Potala Palace on Marpo Ri Hill, in Lhasa, Tibet
Photo credit: @inverness85
Potala Palace, winter residence of the Dalai Lamas since the 7th century, perched 117 m (384 ft) on top of Marpo Ri, the "Red Hill", and towering more than 300 m (980 ft) above the Lhasa Valley, has the honor of being the highest ancient palace in the world, with its highest point reaching 3,750 m (12,300 ft) above sea level.
In 641, Songtsan Gambo, King of Tubo (a Tibetan kingdom), had the Potala Palace built for Princess Wencheng of the Tang Dynasty, whom he was soon to marry. This structure was later burned to the ground during a war and was rebuilt in the 17th century by the Fifth Dalai Lama.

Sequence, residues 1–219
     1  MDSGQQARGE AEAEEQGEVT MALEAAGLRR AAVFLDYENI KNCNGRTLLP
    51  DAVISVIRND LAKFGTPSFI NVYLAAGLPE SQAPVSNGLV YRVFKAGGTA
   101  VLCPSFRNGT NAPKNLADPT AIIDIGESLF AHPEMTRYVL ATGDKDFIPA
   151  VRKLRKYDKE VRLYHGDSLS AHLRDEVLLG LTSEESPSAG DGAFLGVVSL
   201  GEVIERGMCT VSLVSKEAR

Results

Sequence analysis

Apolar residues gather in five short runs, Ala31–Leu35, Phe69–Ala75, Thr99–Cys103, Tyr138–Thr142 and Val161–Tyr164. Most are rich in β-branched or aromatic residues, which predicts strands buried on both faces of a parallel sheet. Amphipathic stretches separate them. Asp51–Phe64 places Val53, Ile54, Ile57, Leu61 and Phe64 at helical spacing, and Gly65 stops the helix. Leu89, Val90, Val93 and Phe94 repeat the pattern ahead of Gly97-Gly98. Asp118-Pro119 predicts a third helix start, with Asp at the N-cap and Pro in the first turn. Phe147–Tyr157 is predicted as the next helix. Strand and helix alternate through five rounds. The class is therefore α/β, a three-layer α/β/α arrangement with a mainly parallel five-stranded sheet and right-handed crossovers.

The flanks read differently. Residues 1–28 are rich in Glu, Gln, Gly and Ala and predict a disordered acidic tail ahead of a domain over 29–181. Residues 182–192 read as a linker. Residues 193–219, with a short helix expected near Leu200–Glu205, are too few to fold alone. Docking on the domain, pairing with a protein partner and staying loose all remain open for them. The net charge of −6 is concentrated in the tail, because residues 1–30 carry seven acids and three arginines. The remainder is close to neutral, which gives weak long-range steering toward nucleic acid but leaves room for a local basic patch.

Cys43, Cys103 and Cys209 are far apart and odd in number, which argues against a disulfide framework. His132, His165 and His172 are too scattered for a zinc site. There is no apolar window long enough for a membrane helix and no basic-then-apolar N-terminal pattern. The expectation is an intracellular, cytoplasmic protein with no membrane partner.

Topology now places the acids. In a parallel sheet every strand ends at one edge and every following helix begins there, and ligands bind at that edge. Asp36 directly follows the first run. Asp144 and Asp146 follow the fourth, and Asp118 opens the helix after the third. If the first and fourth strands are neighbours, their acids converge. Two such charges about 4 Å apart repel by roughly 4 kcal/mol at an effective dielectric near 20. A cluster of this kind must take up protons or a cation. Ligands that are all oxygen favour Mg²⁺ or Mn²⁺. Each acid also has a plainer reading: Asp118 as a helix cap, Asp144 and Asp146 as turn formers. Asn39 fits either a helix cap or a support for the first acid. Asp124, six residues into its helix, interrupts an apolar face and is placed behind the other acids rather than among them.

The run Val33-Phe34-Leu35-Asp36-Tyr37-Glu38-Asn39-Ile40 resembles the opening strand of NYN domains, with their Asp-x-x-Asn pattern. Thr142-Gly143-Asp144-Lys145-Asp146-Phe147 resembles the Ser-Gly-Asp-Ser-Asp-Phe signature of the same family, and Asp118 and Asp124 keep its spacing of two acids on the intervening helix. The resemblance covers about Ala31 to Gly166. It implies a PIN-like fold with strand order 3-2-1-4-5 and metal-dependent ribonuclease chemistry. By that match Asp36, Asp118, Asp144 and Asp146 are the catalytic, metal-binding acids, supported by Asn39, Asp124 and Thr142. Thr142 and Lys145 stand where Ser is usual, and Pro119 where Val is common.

The complex, comprising the White and Red Palaces with their ancillary buildings, is named after Mount Potalaka, the mythological abode of the bodhisattva Avalokiteśvara, a holy hill in South India.
The golden roof group, on the top of the Red Palace, is composed of seven roofs made of gilded bronze.
Considered to be one of the wonders of the world for its physical structure and its importance in Tibetan history, this 13-stories-high palace has over 1,000 rooms. It has earned the name “heaven of arts”, for numerous invaluable treasures are collected within.
In 1994, Potala Palace was listed as one of the World’s Culture Heritages by UNESCO.